Bring cheap ones that you can scratch or lose – you will be amazed how bright it can be in the tropical sun. An inexpensive option are the TOREGE Polarized Sports Sunglasses. They come with five interchangeable lenses and they’re polarized, which is important as the sun is more intense near the equator.
Sunblock and Bug Spray
Both important to protect your skin, sun and bugs are more plentiful near the equator. So, lather up and save yourself the regret of burning itchy skin! I’m a surfer so I use Headhunters SPF 45 Mineral Sunscreen Face Stick to keep the sunblock from getting in my eyes. For the rest of me I use Sun Bum – their products are safe for sea creatures and coral, which means those technicolor beauties will still be there next time you go snorkeling!
A good idea for the girls, or anyone with long hair. In the hotter parts of Central America, warm water may not be available, so it’s nice to get rid of knots and frizzy hair without a shower.
Perfect for keeping electronics documents, towels, and anything else you need dry. I bought a three pack with different sizes from Columbia. The outdoor beauty of the area is one of the main attractions so you will probably find yourself on boats, fording rivers, or stuck in an unexpected downpour. If you think your equipment will get submerged during your adventures, get a thicker more durable style.
Camera – You need a camera to capture all the beauty of this spectacular area; but the hot, humid and sandy conditions can be a bit harsh for some models. For trips like this, I prefer my GoPro HERO5 Session – it is easy to use, durable and has great quality picture and sound. It allows you to play with shots and videos you never thought possible, with endless accessories to record your adventures for posterity.
This one is easy to overlook, but it’s hard to beat relaxing in a hammock listening to your favorite tunes. I like my JBL Clip 3 Portable Bluetooth speaker, it has a great battery life and it’s waterproof.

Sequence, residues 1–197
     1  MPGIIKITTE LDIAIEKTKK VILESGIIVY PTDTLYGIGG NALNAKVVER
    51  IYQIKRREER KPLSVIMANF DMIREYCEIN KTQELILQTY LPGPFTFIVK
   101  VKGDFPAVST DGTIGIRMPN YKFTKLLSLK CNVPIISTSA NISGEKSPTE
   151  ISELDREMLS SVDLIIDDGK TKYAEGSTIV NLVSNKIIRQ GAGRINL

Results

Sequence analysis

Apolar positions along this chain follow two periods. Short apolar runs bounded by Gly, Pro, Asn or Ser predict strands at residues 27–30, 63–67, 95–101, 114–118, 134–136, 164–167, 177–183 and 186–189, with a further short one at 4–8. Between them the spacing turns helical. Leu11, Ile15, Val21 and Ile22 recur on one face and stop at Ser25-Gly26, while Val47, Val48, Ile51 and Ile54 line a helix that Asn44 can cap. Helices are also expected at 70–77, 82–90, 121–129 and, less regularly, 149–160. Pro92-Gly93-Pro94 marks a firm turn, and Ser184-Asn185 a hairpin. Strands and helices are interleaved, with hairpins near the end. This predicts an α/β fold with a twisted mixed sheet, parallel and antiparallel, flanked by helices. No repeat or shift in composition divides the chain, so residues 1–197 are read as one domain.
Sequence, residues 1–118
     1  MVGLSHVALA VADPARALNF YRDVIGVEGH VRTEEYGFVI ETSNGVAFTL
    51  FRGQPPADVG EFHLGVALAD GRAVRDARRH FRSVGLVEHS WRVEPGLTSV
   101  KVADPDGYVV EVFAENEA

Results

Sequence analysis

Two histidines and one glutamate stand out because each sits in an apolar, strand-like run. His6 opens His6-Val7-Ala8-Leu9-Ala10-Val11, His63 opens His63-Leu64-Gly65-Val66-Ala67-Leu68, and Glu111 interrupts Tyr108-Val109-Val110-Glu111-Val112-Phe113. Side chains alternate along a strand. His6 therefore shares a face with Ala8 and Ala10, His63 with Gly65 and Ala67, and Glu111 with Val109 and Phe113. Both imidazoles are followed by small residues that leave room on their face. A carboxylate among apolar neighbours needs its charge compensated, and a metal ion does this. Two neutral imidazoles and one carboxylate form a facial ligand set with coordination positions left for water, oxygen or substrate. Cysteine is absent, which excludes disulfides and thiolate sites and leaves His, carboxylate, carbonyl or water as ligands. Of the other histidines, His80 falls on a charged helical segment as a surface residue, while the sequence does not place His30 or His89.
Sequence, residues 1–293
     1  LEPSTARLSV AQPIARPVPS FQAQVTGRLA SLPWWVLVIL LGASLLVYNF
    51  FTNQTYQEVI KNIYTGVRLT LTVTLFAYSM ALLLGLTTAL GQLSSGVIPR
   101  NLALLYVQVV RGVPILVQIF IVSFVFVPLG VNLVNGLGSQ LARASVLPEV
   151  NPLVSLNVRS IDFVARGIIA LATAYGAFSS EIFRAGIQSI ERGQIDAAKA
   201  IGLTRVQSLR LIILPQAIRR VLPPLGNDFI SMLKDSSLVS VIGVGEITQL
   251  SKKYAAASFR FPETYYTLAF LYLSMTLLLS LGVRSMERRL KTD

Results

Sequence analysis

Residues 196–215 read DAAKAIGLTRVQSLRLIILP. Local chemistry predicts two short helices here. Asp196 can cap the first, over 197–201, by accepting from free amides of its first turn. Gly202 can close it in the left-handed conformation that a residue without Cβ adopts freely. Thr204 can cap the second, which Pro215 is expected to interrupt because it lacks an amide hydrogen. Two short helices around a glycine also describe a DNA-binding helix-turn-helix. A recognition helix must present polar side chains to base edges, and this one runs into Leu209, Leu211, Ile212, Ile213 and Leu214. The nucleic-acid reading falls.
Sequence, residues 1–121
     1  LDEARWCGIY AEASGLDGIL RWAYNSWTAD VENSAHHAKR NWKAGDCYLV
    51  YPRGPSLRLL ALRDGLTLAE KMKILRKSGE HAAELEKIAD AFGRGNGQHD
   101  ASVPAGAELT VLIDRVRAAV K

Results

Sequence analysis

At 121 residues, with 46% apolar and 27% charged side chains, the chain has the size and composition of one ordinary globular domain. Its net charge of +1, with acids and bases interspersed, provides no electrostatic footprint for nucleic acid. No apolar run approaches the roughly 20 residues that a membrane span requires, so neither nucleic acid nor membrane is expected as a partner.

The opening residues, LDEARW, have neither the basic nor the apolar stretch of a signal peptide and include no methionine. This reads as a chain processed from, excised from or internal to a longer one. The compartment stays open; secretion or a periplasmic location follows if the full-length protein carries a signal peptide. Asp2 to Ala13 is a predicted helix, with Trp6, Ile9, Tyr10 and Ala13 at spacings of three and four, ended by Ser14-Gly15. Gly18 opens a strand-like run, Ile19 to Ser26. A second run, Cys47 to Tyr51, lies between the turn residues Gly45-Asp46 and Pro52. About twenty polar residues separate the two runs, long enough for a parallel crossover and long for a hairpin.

Clothesline and Universal Sink Stopper
For more minimal travel, pack each of these for your trip to wash a few articles of clothes at a time in a sink and hang them to dry. You can also find “lavanderias” connected to your hotel, hostel, or in town that can clean and dry your clothes for cheap, and often in only a few hours. Now you can pack only five days of clothes or less!
Unfortunately a good cup of coffee is hard to find, the good stuff gets shipped away. I like Starbucks Via – it is one of the best tasting instant coffees on the market and comes in convenient individual packs, perfect for travel.
A regular towel takes up entirely too much space, so a travel towel is a must. Use towels provided by your hotel whenever you can. The travel towel will come in handy for waterfalls, swimming holes, and secluded beaches. No need to be fancy here; I ordered a cheap Relefree Microfiber Towel on Amazon and it has survived six countries and counting.
Other than a good packable hat to keep the sun off your face, don’t bring any other accessories. Treat yourself to some great earrings, bracelets, or necklaces from local artisans while you explore colorful shops and markets.
Overall, Central America truly is the land of perpetual summer. Packing light is easy since your main goal here is to stay cool and dry. Opportunities for adventure are everywhere, and truly getting away from it all only takes a ten-minute stroll in the jungle. Remember the culture is colorful, rich, and vibrant. Your imagination will run wild when you feel like you’ve been transported back in time to Colonial Spain or conjure up images of Indiana Jones in the ancient jungle ruins of the Maya. Slow down, relax, take it all in and be glad you packed light.
As they say in Costa Rica, Pura Vida!